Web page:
Grooming and Trimming the Claws of Elderly Cats

Trimming the Claws pic
Trimming the Claws
Image: petmd.com

Board certified as a small-animal veterinarian, Dr. Joel Todd Leroy Prince sees many cats in his Elmhurst, Illinois-based practice. Emphasizing a personalized approach to care, Dr. Joel Todd Leroy Prince stresses the importance of helping cats with their grooming as they grow older and less able to take care of themselves.

With cats now living significantly longer than they once did, those past age 11 frequently require additional care. One symptom of age is a lessening of the ability to retract the claws. Because of this, claws can easily get caught in carpets or furniture or can become overgrown and stick into the animal’s foot pads. With age, regular claw trimming, both at home and by the vet, becomes a must.

Cats also become less adept at grooming as they grow older. This may mean assisting them in wiping away discharge from the nose and the eyes. The best material to use for this is a cotton ball that has been slightly moistened with warm water. Older cats may also need help grooming their fur. A fine comb and a soft brush can be used to remove any loose hair and dirt and to stimulate the skin. Owners should be gentle when brushing, as older cats lose the padding of their earlier years. Grooming also presents an ideal time to look for sores and unusual bumps or lumps on the skin, which may indicate that a visit to the vet is in order.

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An Introduction to Feline Leukemia

Feline Leukemia pic
Feline Leukemia
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As a board-certified small animal veterinarian, Dr. Joel Todd Leroy Prince provides comprehensive care to dogs and cats. Dr. Joel Todd Leroy Prince maintains a particular interest in veterinary cancers and their causal diseases.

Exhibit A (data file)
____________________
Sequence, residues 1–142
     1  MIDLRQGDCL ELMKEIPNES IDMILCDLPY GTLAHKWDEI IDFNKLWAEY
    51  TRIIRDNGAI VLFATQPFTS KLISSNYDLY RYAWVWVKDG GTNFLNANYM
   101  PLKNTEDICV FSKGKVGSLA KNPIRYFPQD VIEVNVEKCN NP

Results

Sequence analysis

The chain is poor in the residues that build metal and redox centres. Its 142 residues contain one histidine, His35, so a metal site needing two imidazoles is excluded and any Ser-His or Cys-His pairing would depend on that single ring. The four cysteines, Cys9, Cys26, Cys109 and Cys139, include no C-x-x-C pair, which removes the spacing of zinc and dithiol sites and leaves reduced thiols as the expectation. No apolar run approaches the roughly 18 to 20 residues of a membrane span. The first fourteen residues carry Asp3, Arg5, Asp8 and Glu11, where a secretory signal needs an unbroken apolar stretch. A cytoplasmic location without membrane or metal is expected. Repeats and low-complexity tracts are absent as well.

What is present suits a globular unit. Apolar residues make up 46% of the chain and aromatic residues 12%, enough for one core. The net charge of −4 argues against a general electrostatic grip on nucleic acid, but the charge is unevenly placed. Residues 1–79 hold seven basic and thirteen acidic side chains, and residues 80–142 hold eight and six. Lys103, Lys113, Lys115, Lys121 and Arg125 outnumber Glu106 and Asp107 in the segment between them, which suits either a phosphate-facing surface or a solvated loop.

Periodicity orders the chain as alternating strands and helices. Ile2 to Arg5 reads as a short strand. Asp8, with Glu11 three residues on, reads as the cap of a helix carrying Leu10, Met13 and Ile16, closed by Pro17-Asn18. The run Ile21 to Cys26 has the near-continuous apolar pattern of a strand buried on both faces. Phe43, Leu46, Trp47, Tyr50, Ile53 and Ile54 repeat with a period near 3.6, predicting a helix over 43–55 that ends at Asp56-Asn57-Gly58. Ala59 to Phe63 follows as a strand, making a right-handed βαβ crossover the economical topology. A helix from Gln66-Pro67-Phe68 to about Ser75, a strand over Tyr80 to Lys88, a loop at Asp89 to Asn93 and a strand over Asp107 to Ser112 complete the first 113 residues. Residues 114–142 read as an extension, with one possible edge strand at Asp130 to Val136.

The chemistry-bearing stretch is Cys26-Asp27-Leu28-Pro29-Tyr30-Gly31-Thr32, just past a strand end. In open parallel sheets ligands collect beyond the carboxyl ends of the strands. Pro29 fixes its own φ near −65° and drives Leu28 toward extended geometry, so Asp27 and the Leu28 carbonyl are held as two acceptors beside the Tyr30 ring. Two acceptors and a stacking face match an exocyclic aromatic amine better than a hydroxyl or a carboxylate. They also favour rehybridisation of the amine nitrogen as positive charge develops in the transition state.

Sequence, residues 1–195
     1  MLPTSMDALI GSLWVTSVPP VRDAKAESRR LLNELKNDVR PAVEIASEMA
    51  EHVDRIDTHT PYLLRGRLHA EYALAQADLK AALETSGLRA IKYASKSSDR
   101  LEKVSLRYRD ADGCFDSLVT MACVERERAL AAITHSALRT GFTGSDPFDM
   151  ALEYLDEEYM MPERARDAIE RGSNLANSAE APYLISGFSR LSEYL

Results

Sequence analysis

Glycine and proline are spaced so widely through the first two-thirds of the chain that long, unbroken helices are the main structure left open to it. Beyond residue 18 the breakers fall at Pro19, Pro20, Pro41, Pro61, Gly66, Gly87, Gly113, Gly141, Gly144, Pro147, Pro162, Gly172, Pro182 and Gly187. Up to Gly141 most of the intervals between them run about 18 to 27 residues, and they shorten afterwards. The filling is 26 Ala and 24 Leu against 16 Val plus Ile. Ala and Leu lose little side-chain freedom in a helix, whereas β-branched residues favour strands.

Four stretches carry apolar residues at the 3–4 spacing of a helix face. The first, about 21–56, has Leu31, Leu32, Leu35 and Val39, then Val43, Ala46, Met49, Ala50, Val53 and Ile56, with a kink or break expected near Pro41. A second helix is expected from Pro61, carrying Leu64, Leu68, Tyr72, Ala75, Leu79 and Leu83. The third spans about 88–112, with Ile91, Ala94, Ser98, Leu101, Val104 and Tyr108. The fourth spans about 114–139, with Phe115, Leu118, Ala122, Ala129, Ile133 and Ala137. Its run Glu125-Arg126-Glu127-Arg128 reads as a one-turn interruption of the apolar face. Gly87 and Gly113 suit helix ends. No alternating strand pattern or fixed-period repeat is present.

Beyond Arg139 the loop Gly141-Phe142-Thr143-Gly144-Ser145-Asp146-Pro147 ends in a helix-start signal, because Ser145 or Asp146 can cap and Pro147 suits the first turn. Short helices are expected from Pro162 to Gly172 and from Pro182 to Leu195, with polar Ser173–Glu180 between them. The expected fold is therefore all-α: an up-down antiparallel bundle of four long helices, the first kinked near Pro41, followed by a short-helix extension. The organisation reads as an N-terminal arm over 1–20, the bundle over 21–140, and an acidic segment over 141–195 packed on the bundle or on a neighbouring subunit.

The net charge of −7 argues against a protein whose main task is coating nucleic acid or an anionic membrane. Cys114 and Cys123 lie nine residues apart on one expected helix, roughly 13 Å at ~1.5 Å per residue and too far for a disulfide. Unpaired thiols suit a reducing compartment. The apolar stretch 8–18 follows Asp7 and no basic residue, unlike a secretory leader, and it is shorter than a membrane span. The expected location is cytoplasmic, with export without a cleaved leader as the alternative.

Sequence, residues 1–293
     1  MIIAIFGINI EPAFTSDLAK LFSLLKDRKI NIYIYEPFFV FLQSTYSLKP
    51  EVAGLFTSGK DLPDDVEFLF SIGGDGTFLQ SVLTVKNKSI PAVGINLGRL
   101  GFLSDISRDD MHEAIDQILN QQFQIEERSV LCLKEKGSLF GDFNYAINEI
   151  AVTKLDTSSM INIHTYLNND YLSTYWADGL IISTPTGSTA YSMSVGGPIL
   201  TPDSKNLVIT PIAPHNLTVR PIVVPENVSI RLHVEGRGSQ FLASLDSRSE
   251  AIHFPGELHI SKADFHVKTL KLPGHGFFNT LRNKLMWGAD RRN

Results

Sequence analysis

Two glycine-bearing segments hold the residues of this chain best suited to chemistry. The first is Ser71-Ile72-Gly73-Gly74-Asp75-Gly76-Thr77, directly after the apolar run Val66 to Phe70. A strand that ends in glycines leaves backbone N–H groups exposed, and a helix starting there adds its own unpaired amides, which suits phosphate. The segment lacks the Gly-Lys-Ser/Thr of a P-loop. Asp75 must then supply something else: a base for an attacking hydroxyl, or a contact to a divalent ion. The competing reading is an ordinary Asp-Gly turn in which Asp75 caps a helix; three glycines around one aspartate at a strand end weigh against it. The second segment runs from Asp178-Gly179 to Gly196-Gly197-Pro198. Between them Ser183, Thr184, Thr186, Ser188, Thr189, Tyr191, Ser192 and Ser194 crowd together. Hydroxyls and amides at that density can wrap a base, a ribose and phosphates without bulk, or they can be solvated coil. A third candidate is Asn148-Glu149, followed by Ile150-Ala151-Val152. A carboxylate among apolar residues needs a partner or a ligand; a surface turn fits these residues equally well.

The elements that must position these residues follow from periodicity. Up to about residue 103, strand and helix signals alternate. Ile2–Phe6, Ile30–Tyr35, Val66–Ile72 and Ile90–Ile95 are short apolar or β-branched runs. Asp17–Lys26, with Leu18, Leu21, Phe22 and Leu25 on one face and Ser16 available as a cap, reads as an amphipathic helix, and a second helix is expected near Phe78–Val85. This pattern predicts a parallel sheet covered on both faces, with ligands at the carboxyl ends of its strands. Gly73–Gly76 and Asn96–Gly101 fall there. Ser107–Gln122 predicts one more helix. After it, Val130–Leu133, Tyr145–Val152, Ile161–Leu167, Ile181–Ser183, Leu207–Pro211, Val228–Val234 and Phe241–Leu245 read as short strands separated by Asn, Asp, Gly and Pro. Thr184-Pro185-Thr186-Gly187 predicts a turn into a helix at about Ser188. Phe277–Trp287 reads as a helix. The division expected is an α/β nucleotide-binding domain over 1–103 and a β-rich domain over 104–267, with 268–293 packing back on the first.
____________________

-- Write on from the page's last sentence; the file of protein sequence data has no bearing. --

Feline leukemia virus, or FeLV, is the most common cause of feline cancer as well as feline immunodeficiency. FeLV affects up to 3 percent of all cats that live in US homes with no other cats, though the risk is higher among kittens and cats that live with infected peers.

Feline leukemia is often asymptomatic in its earliest stages. As the disease progresses, however, a cat may begin to show symptoms that include appetite loss, weight loss, and enlarged lymph nodes.

Owners of cats with feline leukemia may notice problems with the coat, skin, and oral tissues, as well as persistent diarrhea and fever. Confirmation via a blood test typically is necessary for a veterinarian to arrive at a FeLV diagnosis.

Once the diagnosis is formalized, the veterinarian may recommend treatment for symptoms related to the disease. With monitoring and symptom mitigation, cats can live an average of 2.5 years with a good quality of life, though there is no cure for the disease itself.

The most responsible thing owners can do is to prevent their cats from getting the infection. A vaccination is available, but since it is not 100-percent effective, owners should keep their cats away from potentially infected animals.

Elmhurst Animal Care Center Coupons and Promotions

A board-certified practitioner of veterinary medicine, Joel Todd Leroy Prince, DVM, manages activities at the Elmhurst Animal Care Center as partner. In this position, Joel Todd Leroy Prince, DVM, not only spends time caring for animals, but oversees business operations with a goal of attracting new clients and fully satisfying the center’s existing customer base.

The Elmhurst Animal Care Center provides pet owners with a wide array of services, and wants new clients to be able to take full advantage of this care. With this in mind, new clients are offered a variety of promotions and coupons. One of the most popular promotions is the new patient microchipping special for pet identification, which allows pet owners to take advantage of a free microchipping procedure during their pet’s first examination. The offer is only valid, however, after owners have printed a Free Microchip coupon from the care center’s website, www.elmhurstanimalcarecenter.com.

Other Elmhurst coupons entitle new clients to a free night of pet boarding or 50 percent off pet grooming services. As a show of appreciation to longtime clients, the care center also runs various promotional offers open to all pet owners. A complete list of ongoing coupons and promotional offers can be found online.